2009 BMW HP2 Sport | Motorcycle Review
While the motorcycling community awaits the impending arrival of BMW’s new Superbike, the S 1000 RR, we take another look at a very substantial machine that may well suit some riders better than the new race bike; the HP2 Sport. A direct descendent of the R 1200 S, the HP2 jumped several stages of evolution in Darwin’s theory of natural selection, morphing into quite an impressive motorcycle.
The HP2 (for high performance 2-cylinder) is an interesting amalgamation of old and new, utilizing a modified R 1200 S chassis laden with BMW’s stalwart powerplant, the Boxer Twin. Many non-Boxer fans will be asking why BMW would create a serious sport mount around the old-school opposed twin. For fans of the legendary motor the retort will be, Why not? Thankfully there were enough people in high places at BMW that mirror that sentiment.
Wrapped up in wedged carbon bodywork and augmented with copious pieces of billet the aesthetics of the HP2 exude an aggressive sportiness. From the milled billet triple clamp to the 2-into-1 stainless steel exhaust system, every aspect of the machine has been breathed on with exquisite attention to detail. Chassis is a reinforced R 1200 S unit that, due to the strength of the carbon fiber tail section, completely does away with the subframe. Ditto for the fairing; no bulky mounting hardware, just a fully self-supporting single piece of carbon fiber.
With the license plate bracket and taillight easily jettisoned with the removal of just four bolts and a single electronic connector, and mirrors removed with just two bolts, it’s apparent BMW intended this bike to be taken to the track. Turn signals are so thin and stylish they can be left on.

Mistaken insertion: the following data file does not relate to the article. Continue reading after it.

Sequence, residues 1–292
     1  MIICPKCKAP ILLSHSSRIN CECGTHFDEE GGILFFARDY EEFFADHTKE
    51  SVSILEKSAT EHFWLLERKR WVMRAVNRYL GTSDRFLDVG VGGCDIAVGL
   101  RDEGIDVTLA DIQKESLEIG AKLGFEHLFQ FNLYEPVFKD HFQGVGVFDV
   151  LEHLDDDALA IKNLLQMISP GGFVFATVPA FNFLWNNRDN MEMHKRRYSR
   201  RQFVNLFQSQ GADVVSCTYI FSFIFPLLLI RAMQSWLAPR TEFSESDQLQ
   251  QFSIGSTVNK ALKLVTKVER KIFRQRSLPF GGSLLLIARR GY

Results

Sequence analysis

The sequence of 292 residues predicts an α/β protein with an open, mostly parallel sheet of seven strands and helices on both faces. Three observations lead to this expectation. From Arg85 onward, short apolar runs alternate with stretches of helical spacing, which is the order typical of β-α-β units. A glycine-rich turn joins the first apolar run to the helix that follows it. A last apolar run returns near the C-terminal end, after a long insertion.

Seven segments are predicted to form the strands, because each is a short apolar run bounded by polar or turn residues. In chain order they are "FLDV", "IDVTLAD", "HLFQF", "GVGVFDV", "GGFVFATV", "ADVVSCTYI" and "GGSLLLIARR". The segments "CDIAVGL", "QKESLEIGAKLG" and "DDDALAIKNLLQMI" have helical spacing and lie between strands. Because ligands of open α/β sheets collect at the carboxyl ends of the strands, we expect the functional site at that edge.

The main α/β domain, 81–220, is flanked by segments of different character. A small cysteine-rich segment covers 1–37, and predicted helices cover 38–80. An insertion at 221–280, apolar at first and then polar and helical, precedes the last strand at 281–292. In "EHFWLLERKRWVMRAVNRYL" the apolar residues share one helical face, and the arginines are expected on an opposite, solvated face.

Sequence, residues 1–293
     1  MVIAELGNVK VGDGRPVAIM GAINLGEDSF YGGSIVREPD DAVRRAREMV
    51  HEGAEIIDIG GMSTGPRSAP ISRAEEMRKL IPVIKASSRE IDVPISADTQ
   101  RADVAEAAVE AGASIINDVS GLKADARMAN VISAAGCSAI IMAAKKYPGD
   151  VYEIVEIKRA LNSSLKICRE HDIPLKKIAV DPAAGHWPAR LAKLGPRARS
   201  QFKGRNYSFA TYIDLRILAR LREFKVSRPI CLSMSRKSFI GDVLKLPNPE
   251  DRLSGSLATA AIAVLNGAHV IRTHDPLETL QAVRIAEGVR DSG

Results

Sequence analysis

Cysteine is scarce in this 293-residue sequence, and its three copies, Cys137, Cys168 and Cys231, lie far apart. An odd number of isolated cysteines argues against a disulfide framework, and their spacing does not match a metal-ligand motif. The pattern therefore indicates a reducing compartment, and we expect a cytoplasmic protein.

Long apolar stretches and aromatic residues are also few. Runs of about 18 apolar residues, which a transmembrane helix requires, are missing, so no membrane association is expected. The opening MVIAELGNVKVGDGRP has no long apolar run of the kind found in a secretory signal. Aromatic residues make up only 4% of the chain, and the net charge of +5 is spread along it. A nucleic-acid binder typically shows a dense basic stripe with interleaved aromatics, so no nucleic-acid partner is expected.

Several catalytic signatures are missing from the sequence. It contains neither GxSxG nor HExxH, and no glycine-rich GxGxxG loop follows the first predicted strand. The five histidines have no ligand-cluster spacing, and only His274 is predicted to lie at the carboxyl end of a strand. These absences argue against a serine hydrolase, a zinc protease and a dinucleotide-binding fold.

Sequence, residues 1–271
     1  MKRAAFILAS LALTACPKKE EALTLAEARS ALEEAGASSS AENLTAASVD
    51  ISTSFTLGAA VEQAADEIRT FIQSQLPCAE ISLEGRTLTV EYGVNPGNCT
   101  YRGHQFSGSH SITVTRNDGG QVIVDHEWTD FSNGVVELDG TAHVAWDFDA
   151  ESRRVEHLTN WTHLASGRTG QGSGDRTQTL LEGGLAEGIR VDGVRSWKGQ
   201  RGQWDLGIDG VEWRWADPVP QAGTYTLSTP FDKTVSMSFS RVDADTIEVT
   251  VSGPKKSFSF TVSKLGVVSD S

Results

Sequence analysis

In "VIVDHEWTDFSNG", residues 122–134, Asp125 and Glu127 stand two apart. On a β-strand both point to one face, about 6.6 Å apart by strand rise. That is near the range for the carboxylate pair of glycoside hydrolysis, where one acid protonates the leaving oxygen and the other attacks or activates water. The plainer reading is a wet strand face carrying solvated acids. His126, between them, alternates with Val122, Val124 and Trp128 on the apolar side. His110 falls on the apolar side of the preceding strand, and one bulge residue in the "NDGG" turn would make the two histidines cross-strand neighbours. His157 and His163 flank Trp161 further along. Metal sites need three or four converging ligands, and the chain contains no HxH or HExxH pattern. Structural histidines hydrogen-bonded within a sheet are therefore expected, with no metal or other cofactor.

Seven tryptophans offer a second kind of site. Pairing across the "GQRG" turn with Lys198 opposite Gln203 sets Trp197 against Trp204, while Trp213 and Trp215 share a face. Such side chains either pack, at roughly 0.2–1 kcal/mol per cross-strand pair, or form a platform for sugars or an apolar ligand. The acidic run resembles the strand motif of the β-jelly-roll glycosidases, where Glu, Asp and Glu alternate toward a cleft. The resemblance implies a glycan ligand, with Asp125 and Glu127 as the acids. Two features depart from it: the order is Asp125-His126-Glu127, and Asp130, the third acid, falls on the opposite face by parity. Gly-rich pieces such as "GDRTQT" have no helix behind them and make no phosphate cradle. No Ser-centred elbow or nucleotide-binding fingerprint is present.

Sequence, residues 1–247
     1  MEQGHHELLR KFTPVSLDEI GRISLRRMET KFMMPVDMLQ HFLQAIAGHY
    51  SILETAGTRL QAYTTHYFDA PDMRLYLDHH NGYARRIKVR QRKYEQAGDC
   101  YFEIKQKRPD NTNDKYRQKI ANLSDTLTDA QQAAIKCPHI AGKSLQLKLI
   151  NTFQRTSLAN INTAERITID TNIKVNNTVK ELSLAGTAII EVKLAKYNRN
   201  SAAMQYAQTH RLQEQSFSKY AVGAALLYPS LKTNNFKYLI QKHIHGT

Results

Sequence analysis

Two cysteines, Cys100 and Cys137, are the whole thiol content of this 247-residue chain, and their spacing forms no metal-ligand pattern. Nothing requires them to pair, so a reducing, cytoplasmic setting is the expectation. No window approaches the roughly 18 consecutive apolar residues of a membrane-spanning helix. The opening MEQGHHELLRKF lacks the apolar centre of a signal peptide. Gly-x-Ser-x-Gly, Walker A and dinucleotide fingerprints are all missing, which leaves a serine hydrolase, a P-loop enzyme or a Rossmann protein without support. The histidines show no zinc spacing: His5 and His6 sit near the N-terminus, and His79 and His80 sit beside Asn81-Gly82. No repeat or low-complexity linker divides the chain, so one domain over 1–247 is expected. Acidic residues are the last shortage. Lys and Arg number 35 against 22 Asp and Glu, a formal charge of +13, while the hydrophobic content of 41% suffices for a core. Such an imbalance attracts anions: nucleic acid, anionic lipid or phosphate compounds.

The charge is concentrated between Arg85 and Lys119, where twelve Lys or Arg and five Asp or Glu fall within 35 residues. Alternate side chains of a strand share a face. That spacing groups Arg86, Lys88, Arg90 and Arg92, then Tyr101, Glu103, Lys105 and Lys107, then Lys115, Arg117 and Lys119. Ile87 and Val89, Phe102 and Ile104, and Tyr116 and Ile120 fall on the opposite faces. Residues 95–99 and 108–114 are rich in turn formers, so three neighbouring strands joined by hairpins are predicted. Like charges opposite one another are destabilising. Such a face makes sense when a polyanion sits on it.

The stainless steel header pipes come together under the engine for maximum lean angle clearance, then snakes up through the center of the bike, exiting under the tail section-which is judiciously vented to dissipate heat. The muffler is bolted to the tail section via sophisticated thermally sensitive fasteners that allow for expansion and contraction during heating and cooling.
BMW has effectively quashed the after-market on the HP2, manufacturing the bike with beautifully milled billet aluminum, fully adjustable eccentric cam rear-sets and beefy gear and brake pedals (with adjustable toe tips for fine tuning the bike’s fit). Carbon fiber covers grace the valve covers, protected by easy to replace hard plastic pads in the event of touching down the protruding cylinder heads. Beautiful forged wheels are surface-milled to reduce rotating mass for the ultimate race edge.
This isn’t the old Boxer. Cylinder heads have been completely revitalized, with double overhead chain-driven cams rocking four larger flow valves per cylinder. Lighter forged pistons result in a quick revving motor that peaks out with 128 hp at 8750 rpm, and redline arriving at 9500. You can scream the Beemer and keep it in the power but the bike works best going in a gear high, using the healthy low-end torque to pull you out the other side.